Trailing after Tarzan
The image of Tarzan lifting Jane to safety is probably the most long lasting aspect of the Tarzan franchise, creating cinematic echoes everywhere from Star Wars (Luke swinging Leia across the pit in the first one, the ewoks in the last) to the Superman thing of lifting Lois Lane out of danger, or Spiderman and Mary Jane, or any other number of copycats. Of course, in Edgar Rice Burroughs’s first novel, 1914’s Tarzan of the Apes, our hero doesn’t swing, moves through the jungle canopy by leaping and climbing:
“He could spring twenty feet across space at the dizzy heights of the forest top, and grasp with unerring precision, and without apparent jar, a limb waving wildly in the path of an approaching tornado. He could drop twenty feet at a stretch from limb to limb in rapid descent to the ground, or he could gain the utmost pinnacle of the loftiest tropical giant with the ease and swiftness of a squirrel.
To depict this form of locomotion on the big screen, however, was impractical. A literary Tarzan could be “far more agile than the most practiced athlete ever becomes,” as Burroughs tells us, but the kind of arm strength and leaping ability that would be required to actually emulate a chimp or orangutan onscreen would be beyond even Johnny Weissmuller (“America’s Adonis of Swimming Champions!”). So when W.S. Van Dyke brought Burroughs’ creation back to the big screen in 1932 (after a series of moderately successful silents in the teens), Tarzan flies through the air with the greatest of ease by means of a trapeze artist double (see 0:26-0:29 of this trailer).
Still, it’s an implausible image. Burroughs’ Tarzan leaps and climbs like an ape, but while it’s only physically impossible for a human to emulate an orangutan in that manner, it’s completely ridiculous to imagine even a chimpanzee climbing through the jungle canopy carrying a female chimp. Unless you can simply fly like Superman, you need two hands.
Why, then, is that image so important? Why is it so important that we see Tarzan lift and carry Jane that we’re willing to get rid of basic plausibility? And why has it remained one of the most enduring images of pop cultural superheroism?
One answer, I think, can be found in the rest of that trailer, the trailer released before the first Johnny Weismuller Tarzan film, (1932’s Tarzan the Ape-Man) which effectively revised and rebooted the entire franchise. As Elliott and Sayres noted this morning, a trailer is, on some level, a condensed and clarified distillation of the film’s total narrative; in their words, “the trailer may be seen as “the real” of the cultural production of cinematic experience, a mode of direct access to the ideology and political economy of filmmaking.”
You can watch the Tarzan trailer here.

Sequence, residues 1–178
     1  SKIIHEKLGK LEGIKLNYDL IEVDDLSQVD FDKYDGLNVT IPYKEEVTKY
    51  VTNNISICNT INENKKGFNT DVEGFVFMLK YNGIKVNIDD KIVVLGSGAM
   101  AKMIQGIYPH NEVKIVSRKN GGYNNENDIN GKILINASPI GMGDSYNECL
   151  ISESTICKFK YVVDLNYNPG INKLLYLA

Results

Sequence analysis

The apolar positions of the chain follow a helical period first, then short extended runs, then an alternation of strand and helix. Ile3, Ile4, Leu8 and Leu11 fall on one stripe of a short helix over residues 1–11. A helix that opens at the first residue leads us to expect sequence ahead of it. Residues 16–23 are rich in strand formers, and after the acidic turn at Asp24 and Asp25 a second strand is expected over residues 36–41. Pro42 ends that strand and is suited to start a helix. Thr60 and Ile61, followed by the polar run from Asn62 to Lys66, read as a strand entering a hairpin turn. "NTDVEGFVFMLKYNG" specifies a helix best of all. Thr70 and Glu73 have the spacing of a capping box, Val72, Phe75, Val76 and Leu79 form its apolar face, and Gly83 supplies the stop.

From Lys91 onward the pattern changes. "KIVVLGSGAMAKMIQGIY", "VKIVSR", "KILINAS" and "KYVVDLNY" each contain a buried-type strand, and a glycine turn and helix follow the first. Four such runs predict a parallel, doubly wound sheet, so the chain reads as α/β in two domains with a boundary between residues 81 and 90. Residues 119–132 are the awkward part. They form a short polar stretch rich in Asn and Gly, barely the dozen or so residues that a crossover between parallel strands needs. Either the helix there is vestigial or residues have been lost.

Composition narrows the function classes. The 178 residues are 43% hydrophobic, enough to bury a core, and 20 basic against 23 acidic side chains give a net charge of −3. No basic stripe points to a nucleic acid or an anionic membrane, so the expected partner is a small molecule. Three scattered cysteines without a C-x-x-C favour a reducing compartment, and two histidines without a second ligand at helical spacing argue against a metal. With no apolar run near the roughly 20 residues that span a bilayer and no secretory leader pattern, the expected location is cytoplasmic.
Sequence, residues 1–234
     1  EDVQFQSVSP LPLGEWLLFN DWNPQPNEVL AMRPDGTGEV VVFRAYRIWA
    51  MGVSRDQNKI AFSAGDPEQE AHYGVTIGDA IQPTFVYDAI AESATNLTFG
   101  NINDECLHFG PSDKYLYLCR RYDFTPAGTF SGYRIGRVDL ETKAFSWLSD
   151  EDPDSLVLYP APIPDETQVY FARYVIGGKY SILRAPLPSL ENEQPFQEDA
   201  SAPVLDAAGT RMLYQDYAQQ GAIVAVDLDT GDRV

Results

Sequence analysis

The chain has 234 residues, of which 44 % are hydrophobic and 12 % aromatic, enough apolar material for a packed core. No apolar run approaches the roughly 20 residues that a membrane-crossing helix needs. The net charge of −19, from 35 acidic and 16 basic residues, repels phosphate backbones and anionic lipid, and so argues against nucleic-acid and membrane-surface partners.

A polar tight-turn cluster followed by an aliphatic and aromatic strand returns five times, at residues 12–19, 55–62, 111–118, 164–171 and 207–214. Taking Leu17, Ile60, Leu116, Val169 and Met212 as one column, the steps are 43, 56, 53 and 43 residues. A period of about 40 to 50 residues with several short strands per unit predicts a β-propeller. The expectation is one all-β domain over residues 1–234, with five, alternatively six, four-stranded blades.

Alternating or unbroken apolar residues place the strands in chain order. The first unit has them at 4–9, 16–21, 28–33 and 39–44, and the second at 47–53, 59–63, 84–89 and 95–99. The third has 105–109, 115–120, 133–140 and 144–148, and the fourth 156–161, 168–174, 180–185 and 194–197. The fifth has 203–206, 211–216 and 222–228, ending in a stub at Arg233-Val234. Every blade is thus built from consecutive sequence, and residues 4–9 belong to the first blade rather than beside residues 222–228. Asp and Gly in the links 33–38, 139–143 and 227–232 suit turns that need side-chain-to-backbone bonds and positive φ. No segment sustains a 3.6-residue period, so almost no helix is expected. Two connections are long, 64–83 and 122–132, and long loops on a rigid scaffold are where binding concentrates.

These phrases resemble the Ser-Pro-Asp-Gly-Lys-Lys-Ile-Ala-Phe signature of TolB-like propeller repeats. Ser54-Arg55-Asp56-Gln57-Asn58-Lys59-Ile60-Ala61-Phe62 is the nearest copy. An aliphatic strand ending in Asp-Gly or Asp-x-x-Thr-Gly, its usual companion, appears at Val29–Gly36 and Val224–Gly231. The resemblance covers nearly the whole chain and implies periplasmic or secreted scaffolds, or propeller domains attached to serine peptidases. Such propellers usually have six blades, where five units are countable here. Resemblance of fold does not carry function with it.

So. We first see Tarzan swinging (on a barely disguised trapeze) through the jungle and alighting onto a high tree branch. There he seems to spy something off camera that catches his intense interest. We then see an image of Tarzan holding Jane with the phrase “Tarzan, the Ape Man, knows only the law of the jungle– to seize what he adores!” before cutting to the sight of Tarzan carrying an apparently unconscious Jane to what appears to be a jungle nest high in the trees. But while Jane is limp and passive as she is carried through the air, in the next cut we see her both apparently terrified and attempting a kind of futile resistance to Tarzan’s advances; as he drags her by one arm into the cave-like warren and then clutches at her in a decidedly un-gentlemanly manner, she is seen struggling and slapping him ineffectually as she screams “Let me go! Let me go!”
Now, taken in isolation, this is unquestionably from a rape scene. It is not, however, seen in isolation: an instant later, we are reassured by the sight of a now delighted-looking Jane, affectionately clinging to Tarzan while the title cards below the image proclaim first “Many women would delight in living like Eve–” and then “if they found the right Adam!” After a cut, we see her lying under the wordless Tarzan, apparently reflecting to herself on what has just happened (with a deeply satisfied look on her face) and confirming the trailer’s suggestion that the issue is simply finding the right jungle man to rape you. “Better not think too much about that,” she says. “Not a bit afraid. Not a bit sorry.”
The affective upshot of the trailer is, in part, a rape fantasy for would be Tarzan men, the fantasy that violently seizing and possessing a woman by force not only counts as “ador[ing]” her but will, in turn, produce her adoration to you. In narrative terms, of course, Tarzan is not exactly raping Jane; he’s abducting her to protect her from Africa or lions or something (I need to rewatch the film). But when we abstract that image out of its original narrative context — as the trailer does — we see what is, I think, the boiled down essence of an important aspect of the film’s appeal, the notion that the “law of the jungle” of seizing whatever you want by violence can actually turn out to be compatible with domestic order, civilization, even love: she might resist, lads, but don’t be dismayed; what women really want is, etc.
In that sense the work that the film does to rationalize and explain and soften that basic appeal (he’s not raping her! he’s rescuing her!) only functions to excuse and obfuscate what remains as an underlying but still effectively felt message. That the movie is more complicated, more nuanced, more multi-valenced, even more contradictory and self-conscious than the trailer is all true and worth remembering. But it’s also inevitable and irrelevent; a full length feature film is always going to be a big mess of interesting contradictions and ideological problems, especially compared to something as streamlined as that trailer. That trailer is, if not the only or complete reading of the film, quite an effective one.